Introduction of the case study[edit | edit source]
Thorough the chapter reference will be made back to the case study of Sara.
Sara is a 23 year old female marathon runner, she is studying psychology at the university of Canberra and is a member of the elite athlete program. She isn't familiar with here motivation or personality type, and as a part of an elite athlete program it is important for her to discover what drives her toward success.
Motivation behind endurance[edit | edit source]
With the definition of endurance and certain types of motivation, it is time to make links and drawn on the experiences of the past and present. Motivation is a human mechanism for achievement within sports and harvesting that is what can be the fire that sparks many great achievements. The different motivation types within individuals harvest different reasons for engaging in endurance sports and their personality traits are seen to influence their motivations (Taylor et al., 2020).
Quiz (8Q) [edit | edit source]
Motivation and personality types[edit | edit source]
Motivation from an outsiders point of view is one reason behind the drive that makes an individual compete in an endurance sport. Yet with two comparable personality types, there are differences in the way that these differing personalities effect peoples motivation. Introverts and Extroverts have functional differences in the their motivation. Differences between Introvert and Extrovert will be unpacked, as well as the relationship between Pain and Pleasure.
Endurance a relationship between pain and pleasure[edit | edit source]
Developing relationships between two different variables that directly promote an individual to succeed in an endurance sport allows for an understanding between the aspects of pain and pleasure within elite and participation endurance athletes. Pain and Pleasure don't seem to be two words people would generally associate together yet in a sporting context Pain is in many ways pleasure to the athletes. Pushing the barrier of what is humanly bearable in regards to the pain threshold for many is not seen to be something that is a "pleasurable experience" yet harvesting the mentality of turning a painful experience and rendering it pleasurable will be what could develop a champion from a host of many (See figure 1.5). Creating links and forming relationships as to how pain can be a motivation through the seeking of pleasure. The experience of pain can benefit our defence systems and allow us to enhance our motivation to accumulate resources that ultimately lead to pleasure such and calorie rich food, also reducing guilt we feel after competing in self indulgence (McNarry et al., 2020). The actual terminology of "Pain is Pleasure" realistically isn't correct yet with painful experiences pleasurable out comes are a reward, like eating that piece of cake, meeting health goals or feeling the burn post run.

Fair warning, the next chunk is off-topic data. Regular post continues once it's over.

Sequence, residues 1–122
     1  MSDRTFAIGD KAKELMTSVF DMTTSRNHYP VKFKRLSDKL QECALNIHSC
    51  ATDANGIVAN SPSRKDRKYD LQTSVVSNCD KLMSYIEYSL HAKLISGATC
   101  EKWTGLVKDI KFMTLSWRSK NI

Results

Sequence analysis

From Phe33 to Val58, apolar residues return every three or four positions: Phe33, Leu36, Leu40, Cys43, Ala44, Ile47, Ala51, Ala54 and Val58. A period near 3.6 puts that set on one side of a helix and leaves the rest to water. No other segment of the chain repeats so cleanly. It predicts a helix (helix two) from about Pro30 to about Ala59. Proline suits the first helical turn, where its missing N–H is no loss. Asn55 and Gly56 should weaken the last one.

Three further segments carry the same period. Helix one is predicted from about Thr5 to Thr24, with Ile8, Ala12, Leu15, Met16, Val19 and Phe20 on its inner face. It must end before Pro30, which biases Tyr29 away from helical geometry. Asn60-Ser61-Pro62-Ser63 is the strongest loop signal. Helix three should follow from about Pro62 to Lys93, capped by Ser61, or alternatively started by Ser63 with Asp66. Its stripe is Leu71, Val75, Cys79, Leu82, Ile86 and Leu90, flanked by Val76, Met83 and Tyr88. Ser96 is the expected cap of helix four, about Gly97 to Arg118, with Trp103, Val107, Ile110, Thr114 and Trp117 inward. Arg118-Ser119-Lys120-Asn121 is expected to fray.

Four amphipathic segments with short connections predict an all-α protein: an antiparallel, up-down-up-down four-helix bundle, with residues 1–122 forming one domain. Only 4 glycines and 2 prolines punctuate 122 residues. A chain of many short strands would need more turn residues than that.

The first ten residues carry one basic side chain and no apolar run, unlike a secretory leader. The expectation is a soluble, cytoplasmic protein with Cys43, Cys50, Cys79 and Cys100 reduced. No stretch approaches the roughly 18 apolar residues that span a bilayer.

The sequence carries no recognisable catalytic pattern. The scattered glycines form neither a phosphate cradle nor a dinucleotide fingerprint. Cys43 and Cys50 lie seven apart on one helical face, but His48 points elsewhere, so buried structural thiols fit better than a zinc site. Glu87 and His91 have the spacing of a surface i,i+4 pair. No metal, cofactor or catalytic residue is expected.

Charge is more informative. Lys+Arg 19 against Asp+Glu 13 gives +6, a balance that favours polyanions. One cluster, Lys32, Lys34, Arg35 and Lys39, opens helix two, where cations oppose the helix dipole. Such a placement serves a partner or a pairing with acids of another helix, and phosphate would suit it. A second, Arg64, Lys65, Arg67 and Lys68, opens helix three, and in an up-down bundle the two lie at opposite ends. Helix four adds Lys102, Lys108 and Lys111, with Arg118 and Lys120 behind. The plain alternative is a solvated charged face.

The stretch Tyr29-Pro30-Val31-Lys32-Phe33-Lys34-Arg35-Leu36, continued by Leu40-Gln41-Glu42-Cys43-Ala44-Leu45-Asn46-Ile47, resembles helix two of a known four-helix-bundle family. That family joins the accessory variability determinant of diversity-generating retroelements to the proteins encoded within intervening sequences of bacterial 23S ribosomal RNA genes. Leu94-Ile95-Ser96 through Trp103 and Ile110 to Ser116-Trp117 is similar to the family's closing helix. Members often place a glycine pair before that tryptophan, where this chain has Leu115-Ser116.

What personality traits are the most motivated[edit | edit source]
Motivation and personality types come hand in hand when reviewing reward preferences. There are a two distinct personality types that are frequently referenced in personality studies being introvert and extravert. The definition of these two personality types explain the distinct traits they have.
- Extravert - Extraversion is the state of primarily receiving gratification external to ones self. Extraverts tend to enjoy human interactions and to be enthusiastic, talkative, assertive and gregarious (Reiss, 2012).
- Introvert - Introversion is a personality trait is focused predominantly on ones own mental self. Introverts are typically perceived as more reserved and reflective (Reiss, 2012).
Within a sporting context it is important to capture what makes an individual successful compared to another individual. Comparing these two personality types will help paint the picture as to what makes an individual strive towards goals for different purposes. Personality has been seen to have effects on the way individuals are open to different motivation strategies. Introverts are more likely to respond to internal motivation factors where extroverts tend to respond more effectively to the presence of actual motivators external from the individual (Pelletier et al., 1995).